Advisers have been on pins and needles anticipating a release of the Department of Labor’s sweeping final fiduciary rule governing retirement plan investment advice, and all indications are that they’ll need to wait just a little longer. But it may be much ado about nothing, and in fact, could be a positive sign.

Photo: Bloomberg

The DOL, along with White House staffers, “are making last-minute tweaks and adjustments to try and put out a rule that will quiet the critics but still achieve their ultimate goals,” notes Tom Clark, Jr., an ERISA attorney with the Wagner Law Group.

Neither the DOL nor the White House would reveal an exact date for releasing the final fiduciary rule, but knowledgeable sources have indicated any delay in the March timetable that was initially envisioned would be tied to further study by the Office of Management and Budget.

Some sources say the rule could come as early as April 4. If the OMB extends its 90-day review period to 120 days, which it can do under a 1993 executive order, then the rule could be released in late May.

“From what I’ve heard, the DOL has basically worked backward on its deadlines,” says Scott Cooley, director of policy research for Morningstar, citing “an eight-month implementation period that will end before Obama leaves office.” This would make it harder for any Republican successor to unwind the rule.

Room for improvement

Labor Secretary Thomas Perez has noted that there could be room for improvement to make the final rule more workable for retirement plan advisers.

Then again, federal regulators will need to be pragmatic in their approach. Since a court challenge is expected, “the DOL probably needs to make some changes to the proposed rule to improve its ability to win in court,” says Cooley.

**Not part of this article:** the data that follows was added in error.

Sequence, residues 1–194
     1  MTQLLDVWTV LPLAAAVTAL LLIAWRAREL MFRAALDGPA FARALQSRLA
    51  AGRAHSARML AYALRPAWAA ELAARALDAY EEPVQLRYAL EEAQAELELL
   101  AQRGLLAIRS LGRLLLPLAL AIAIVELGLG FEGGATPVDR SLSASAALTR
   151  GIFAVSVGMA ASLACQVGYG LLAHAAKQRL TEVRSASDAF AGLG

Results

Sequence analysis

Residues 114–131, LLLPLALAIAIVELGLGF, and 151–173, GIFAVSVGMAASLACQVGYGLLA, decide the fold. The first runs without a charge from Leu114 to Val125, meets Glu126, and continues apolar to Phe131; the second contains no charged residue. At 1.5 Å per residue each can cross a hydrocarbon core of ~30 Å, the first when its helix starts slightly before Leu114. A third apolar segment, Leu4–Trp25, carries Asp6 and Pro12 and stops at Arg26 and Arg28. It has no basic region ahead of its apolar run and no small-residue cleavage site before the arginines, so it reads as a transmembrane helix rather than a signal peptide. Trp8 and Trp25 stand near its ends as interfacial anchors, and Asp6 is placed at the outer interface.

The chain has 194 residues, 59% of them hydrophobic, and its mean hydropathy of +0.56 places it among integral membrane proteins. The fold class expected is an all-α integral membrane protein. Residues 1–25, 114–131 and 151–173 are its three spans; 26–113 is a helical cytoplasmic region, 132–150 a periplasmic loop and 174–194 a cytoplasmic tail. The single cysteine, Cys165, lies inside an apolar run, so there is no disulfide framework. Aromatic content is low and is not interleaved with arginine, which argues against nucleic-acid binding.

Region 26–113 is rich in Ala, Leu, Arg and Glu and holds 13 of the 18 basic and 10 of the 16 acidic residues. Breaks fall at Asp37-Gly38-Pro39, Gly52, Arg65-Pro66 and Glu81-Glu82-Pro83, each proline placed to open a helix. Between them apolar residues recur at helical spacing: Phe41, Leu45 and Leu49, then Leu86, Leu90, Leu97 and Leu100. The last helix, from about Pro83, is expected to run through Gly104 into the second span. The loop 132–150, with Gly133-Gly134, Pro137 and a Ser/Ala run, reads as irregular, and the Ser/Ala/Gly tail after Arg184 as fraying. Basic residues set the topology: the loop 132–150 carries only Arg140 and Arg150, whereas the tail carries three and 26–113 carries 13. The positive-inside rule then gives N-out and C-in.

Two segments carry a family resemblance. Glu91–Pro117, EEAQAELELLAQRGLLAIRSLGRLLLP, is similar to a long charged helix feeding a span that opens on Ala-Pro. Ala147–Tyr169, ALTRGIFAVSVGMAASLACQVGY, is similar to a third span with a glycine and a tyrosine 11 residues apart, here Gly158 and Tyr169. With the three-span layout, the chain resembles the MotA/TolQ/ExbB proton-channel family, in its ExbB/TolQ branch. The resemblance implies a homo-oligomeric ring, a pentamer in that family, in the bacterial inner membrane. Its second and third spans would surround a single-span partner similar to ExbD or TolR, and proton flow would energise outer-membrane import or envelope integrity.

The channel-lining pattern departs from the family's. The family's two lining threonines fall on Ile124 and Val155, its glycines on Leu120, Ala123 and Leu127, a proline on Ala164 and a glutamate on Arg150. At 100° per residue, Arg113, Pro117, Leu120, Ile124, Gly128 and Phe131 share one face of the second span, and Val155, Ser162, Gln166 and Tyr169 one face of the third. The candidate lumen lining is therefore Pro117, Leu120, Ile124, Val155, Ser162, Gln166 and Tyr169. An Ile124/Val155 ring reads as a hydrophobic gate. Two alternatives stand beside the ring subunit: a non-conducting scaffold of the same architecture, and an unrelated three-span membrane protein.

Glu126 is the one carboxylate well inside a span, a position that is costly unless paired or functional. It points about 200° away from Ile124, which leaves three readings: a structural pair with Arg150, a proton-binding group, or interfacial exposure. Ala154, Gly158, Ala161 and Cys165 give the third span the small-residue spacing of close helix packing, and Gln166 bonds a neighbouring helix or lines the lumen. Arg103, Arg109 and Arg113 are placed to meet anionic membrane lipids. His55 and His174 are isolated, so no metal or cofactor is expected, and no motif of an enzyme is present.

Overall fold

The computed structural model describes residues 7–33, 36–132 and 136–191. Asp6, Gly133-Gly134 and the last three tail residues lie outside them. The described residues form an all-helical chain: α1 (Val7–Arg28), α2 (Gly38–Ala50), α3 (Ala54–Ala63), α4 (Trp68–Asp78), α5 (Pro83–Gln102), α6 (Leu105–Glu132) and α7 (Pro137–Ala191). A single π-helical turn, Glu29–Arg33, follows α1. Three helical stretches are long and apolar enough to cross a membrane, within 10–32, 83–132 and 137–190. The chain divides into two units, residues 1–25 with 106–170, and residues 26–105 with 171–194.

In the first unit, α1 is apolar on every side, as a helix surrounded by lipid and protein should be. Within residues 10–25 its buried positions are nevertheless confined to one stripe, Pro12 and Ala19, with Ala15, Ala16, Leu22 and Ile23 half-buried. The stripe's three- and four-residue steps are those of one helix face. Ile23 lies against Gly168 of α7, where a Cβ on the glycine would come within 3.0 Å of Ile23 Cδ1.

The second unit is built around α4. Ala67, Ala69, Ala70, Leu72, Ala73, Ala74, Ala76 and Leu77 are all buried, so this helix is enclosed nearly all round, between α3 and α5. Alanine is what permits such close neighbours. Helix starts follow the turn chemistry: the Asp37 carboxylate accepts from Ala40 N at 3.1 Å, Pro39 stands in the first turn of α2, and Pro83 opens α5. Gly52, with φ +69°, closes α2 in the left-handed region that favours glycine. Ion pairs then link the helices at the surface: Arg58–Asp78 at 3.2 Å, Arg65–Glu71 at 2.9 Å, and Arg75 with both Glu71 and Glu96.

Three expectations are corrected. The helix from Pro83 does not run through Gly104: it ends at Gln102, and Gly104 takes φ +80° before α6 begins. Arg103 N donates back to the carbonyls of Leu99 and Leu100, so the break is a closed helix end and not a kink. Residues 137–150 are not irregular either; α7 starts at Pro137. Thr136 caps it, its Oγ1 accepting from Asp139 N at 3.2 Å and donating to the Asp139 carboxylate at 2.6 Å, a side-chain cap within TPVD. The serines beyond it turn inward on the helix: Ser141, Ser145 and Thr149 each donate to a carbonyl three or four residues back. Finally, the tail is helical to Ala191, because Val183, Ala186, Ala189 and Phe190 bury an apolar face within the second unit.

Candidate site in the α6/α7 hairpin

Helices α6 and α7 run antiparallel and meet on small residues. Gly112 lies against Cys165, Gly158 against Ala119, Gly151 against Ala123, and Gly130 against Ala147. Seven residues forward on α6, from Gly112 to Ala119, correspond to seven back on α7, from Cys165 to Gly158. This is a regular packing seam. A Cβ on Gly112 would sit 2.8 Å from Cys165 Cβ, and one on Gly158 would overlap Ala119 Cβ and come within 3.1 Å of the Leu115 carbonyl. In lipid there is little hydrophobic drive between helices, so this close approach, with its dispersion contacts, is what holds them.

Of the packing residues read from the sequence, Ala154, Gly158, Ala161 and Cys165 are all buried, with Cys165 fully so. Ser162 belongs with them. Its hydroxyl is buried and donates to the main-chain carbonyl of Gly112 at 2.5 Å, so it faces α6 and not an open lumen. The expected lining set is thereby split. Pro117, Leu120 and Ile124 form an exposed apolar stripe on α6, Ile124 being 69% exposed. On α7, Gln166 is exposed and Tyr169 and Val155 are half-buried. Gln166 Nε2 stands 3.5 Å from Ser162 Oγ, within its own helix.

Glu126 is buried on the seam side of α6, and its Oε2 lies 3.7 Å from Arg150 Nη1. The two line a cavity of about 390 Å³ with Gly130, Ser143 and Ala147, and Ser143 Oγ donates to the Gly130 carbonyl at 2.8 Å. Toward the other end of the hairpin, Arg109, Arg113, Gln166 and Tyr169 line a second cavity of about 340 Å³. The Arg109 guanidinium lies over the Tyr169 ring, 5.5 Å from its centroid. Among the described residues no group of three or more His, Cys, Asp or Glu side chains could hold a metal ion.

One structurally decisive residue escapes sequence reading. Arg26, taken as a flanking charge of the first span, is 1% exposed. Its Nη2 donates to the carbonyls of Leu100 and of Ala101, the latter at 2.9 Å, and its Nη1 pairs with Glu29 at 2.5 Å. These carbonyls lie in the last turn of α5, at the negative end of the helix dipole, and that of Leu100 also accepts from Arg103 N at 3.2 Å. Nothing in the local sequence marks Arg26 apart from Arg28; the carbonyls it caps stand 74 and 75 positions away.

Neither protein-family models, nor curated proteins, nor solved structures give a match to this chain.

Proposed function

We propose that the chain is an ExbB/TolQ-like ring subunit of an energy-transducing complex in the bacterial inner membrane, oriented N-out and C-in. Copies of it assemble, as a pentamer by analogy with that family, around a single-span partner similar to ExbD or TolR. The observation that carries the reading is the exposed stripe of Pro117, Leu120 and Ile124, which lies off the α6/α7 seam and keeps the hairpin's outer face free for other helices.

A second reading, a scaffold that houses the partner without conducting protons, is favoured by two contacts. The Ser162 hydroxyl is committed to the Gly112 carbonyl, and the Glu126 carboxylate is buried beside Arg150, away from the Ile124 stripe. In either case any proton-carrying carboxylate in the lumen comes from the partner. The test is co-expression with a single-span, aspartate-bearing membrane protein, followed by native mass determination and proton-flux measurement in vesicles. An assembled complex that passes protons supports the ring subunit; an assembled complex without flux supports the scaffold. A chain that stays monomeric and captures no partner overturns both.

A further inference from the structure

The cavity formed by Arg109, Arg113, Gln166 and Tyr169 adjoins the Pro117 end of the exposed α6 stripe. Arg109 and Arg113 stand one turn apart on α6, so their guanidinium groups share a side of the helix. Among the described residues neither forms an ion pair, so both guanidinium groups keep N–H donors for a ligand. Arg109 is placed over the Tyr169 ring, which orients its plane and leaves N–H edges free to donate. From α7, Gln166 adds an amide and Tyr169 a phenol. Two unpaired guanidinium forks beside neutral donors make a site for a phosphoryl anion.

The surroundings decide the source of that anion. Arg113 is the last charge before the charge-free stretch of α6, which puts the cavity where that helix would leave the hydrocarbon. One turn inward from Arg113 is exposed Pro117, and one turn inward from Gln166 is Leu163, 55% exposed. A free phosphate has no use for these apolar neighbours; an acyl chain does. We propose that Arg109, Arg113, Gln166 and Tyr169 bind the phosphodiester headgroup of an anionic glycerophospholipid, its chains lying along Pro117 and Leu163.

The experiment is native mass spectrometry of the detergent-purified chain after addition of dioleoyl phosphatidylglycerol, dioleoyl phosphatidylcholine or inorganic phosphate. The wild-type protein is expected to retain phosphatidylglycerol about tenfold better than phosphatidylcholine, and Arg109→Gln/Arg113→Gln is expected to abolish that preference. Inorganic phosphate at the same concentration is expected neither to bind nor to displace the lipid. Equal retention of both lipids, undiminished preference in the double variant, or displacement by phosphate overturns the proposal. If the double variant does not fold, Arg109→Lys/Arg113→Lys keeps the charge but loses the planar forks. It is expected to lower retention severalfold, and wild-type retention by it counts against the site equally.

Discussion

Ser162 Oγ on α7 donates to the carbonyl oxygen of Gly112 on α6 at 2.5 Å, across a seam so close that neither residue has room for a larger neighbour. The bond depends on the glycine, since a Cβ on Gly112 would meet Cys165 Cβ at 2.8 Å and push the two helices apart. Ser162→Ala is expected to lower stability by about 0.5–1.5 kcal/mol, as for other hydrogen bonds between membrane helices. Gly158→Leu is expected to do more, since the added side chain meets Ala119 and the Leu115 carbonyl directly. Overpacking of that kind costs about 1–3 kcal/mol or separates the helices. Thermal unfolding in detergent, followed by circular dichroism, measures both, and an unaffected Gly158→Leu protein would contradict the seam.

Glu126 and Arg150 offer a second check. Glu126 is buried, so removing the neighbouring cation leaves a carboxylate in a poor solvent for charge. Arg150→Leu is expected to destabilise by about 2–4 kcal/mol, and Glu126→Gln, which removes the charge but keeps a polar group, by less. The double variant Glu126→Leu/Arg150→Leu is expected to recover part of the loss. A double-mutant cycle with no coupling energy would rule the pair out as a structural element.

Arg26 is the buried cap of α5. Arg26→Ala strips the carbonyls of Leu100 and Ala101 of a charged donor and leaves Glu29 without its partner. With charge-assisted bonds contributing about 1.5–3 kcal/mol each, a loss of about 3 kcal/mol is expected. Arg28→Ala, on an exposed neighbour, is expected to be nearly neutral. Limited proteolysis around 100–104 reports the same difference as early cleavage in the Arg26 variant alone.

Whatever the outcome, others suggest there’s no need to perspire in the first place. “With so much speculation about the final rule, it may just be helpful to step back and take a breath before we all find out what is actually in the final rule beyond the conjecture,” says David N. Levine, a principal at Groom Law Group who has written extensively on this topic.

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"With so much speculation about the final rule, it may just be helpful to step back and take a breath before we all find out what is actually in the final rule beyond the conjecture."

Barring any major surprise, he admits it will be a significant disruption in the short term, “but as business and compliance strategies evolve, it may mainly serve to reshuffle the chairs in the retirement services industry” over time.

Cooley predicts that “there are likely to be some changes in how the BIC exemption works,” along with some other smaller changes.

Once the final rule is published in the Federal Register, a preamble and compliance instructions will follow.

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